Bubble Tea‘s Waste Problem and the Reusable Alternative

Every week, there seems to be a new bubble tea joint popping up somewhere in Melbourne. The drink has long been a staple for Asian-Australians, but is now more mainstream than ever. However, as its popularity skyrockets, often overlooked is the plethora of single-use plastic waste discarded after a ten minute drink.

A medium-sized, busy bubble tea store is estimated to sell about 52 drinks an hour. That's 52 cups, 52 lids, 52 straws, 52 straw sleeves. Bubble tea cups are generally made out of low-density polyethylene, which is a type of plastic that is especially difficult to recycle. The high cost of recycling weighed against the low cost of crude oil used to manufacture new plastic means that almost all single use bubble tea cups end up in a landfill or in our oceans.

It's clear that plastic poses a myriad of problems; from the carbon emitted during the endless production of disposable items, to its resilience to breaking down at the end of its useful life-cycle. This begs the question - what our options if we don't want to contribute to this unsustainable cycle?

As an environmentalist back in the February of 2019, I found it difficult to come to terms with the amount of waste I was generating for a single drink. I had already been using a reusable coffee cup for my caffeine fix, and it seemed natural that a reusable cup was needed for bubble tea. A little over two months later, we had Australia's first dedicated reusable bubble tea cup, complete with a wide metal bubble tea straw.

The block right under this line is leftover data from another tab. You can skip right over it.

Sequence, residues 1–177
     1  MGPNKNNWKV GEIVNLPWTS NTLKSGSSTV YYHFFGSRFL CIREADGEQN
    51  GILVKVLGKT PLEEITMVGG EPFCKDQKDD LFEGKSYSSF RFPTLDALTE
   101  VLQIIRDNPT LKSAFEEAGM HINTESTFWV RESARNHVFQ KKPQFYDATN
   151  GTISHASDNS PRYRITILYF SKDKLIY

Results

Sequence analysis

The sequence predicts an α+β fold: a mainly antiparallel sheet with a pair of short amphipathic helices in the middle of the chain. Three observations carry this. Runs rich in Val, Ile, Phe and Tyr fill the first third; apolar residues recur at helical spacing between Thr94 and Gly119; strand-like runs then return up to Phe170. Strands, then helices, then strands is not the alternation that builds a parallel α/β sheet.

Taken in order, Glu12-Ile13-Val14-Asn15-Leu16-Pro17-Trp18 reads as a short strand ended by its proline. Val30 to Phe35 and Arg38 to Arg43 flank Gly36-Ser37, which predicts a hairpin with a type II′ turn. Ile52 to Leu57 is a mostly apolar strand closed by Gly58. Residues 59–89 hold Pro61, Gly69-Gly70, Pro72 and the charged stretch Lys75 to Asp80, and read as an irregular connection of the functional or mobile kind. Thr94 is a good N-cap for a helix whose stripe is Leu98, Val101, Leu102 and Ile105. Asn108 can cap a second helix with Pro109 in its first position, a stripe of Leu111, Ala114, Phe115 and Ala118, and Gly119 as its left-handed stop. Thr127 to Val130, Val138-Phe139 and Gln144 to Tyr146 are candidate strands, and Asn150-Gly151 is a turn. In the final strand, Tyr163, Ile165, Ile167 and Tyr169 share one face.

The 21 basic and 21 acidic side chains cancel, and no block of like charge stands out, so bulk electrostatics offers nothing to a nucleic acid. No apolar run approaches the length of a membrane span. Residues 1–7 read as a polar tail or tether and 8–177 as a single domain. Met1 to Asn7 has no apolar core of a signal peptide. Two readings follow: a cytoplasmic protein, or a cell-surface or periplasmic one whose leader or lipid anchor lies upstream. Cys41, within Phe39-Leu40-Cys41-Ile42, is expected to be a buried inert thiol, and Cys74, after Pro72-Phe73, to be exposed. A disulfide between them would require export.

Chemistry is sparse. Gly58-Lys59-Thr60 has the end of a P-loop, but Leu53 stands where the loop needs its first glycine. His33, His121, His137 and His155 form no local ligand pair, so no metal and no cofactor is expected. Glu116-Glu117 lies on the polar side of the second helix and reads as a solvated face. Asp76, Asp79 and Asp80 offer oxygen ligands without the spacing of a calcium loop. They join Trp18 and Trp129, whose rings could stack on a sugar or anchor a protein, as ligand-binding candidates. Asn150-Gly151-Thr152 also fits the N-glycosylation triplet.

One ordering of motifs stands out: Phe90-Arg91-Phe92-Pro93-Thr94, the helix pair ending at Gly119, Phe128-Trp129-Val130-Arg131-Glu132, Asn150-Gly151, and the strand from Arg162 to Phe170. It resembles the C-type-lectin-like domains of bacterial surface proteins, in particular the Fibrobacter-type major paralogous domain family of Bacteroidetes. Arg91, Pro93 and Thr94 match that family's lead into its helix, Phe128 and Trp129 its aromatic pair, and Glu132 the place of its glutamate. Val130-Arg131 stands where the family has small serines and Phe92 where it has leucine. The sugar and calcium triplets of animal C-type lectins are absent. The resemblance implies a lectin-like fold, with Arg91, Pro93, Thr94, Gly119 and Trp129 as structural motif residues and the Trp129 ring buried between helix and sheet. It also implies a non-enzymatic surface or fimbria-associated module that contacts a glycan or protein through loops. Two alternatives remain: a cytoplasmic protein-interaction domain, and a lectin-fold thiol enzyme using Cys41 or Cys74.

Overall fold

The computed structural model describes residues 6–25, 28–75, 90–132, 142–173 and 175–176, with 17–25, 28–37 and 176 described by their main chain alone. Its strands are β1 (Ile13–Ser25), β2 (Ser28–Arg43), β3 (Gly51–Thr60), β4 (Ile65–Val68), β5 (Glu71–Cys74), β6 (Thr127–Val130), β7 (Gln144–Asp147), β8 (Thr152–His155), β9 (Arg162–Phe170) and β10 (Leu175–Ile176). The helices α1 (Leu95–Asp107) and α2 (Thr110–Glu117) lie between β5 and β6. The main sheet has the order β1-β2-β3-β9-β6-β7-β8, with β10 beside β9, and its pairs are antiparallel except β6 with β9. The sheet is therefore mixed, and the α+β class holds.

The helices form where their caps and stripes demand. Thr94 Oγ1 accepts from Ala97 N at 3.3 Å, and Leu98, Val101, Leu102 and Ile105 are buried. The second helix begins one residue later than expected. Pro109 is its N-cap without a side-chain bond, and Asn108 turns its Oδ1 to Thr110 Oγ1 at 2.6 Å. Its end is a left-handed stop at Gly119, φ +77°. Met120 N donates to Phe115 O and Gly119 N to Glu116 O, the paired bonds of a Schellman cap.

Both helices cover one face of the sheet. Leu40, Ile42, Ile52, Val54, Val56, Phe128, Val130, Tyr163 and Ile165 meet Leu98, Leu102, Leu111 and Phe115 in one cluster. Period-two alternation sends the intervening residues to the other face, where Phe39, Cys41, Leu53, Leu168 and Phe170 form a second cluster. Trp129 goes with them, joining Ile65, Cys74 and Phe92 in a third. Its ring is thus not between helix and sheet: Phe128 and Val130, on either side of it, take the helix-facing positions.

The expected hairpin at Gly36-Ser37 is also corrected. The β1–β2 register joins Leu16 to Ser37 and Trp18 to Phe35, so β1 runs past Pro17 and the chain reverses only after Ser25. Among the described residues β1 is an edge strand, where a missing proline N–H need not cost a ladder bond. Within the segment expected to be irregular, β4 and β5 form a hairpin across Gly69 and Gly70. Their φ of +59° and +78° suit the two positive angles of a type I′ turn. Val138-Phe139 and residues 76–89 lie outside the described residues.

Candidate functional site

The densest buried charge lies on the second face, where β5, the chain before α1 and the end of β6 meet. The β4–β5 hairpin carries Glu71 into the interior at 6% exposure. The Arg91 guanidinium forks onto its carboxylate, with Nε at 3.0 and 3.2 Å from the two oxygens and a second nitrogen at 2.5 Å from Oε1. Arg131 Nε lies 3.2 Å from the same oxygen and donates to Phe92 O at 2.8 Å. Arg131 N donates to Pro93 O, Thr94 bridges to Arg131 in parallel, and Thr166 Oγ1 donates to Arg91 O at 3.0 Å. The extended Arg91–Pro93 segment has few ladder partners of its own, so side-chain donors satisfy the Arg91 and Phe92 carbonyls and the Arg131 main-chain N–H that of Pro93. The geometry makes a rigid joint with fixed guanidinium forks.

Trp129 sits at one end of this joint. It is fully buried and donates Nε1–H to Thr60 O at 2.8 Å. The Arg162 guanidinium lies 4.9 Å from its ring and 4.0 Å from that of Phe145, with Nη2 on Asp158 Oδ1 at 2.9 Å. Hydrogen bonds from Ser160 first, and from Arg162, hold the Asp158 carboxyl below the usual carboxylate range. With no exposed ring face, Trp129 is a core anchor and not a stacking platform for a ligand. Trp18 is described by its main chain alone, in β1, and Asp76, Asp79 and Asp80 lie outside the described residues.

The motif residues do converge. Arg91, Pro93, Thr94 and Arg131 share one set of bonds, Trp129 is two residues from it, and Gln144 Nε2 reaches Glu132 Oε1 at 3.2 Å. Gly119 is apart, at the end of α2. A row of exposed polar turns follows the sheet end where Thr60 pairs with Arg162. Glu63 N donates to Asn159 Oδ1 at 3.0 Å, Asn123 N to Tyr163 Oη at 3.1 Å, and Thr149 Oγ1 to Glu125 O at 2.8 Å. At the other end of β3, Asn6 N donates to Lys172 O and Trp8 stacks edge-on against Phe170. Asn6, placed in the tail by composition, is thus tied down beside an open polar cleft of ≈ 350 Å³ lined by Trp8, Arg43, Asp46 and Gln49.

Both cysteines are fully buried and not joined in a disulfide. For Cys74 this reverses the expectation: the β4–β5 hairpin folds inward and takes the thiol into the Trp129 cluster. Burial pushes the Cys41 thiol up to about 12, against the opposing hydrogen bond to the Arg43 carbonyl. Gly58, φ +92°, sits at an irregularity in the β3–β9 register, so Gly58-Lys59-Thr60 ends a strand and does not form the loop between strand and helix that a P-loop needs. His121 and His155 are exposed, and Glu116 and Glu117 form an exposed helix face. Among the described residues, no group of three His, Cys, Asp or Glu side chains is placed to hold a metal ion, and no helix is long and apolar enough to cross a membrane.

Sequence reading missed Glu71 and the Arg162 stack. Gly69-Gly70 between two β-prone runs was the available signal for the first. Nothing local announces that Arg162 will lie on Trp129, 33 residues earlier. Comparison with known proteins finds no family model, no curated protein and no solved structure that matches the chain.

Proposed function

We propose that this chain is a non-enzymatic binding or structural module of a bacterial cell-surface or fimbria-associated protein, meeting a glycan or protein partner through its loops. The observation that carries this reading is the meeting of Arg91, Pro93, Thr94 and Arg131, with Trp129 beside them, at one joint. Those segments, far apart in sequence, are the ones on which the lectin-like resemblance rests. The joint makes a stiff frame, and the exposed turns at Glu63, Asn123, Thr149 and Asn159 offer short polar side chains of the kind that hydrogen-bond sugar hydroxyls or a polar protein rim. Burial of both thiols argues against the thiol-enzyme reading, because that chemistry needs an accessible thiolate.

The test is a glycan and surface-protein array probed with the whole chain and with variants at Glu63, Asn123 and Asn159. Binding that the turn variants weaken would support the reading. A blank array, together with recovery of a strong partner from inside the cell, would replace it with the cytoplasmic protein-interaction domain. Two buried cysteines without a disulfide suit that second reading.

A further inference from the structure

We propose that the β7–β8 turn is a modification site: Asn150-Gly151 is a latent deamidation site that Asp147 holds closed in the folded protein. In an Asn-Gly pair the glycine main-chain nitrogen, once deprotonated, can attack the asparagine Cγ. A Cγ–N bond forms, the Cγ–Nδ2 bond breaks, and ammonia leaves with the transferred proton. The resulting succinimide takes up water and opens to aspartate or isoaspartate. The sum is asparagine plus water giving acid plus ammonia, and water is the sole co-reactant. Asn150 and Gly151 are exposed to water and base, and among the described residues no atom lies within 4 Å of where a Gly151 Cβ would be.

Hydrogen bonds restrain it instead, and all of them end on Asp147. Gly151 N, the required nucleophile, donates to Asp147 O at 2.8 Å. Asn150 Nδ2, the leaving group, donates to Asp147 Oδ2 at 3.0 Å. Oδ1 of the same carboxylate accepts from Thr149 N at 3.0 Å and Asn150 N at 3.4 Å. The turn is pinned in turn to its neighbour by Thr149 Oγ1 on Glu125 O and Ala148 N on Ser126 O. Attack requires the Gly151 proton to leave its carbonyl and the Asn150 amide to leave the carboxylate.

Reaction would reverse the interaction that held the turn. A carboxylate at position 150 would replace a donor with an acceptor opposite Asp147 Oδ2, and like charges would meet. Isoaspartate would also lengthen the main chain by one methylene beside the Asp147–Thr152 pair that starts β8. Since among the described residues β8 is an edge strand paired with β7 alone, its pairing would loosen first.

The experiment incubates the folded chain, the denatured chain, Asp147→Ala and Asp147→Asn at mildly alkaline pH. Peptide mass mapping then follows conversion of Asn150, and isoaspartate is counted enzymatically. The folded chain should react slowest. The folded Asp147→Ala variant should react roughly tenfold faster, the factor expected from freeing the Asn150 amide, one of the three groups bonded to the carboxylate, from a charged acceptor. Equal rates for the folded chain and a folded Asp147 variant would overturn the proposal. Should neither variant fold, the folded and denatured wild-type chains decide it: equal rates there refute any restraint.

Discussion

At first, it seemed a bit strange to carry around a personal cup for bubble tea. However, Australians soon proved to be quite fond of the idea. In the months after we launched, the movement quickly gained momentum and we were struggling to fulfill orders as more and more people made the switch to a reusable bubble tea cup. The initial success inspired us to expand our colour choices and additionally develop a lightweight reusable plastic alternative.

A little over a year later, it's now commonplace to see people using reusable bubble tea cups when getting their weekly (or daily!) brown sugar fix at their local joints. One less cup thrown away, one less straw, a bit less guilt.

The best thing about small, visible environmentalism like this is that it sends a message to do something bigger. Every time we choose to reuse, it invites about a conversation about how we can be more responsible with our choices to make our future more sustainable.

Take a look at our reusable bubble tea ware here.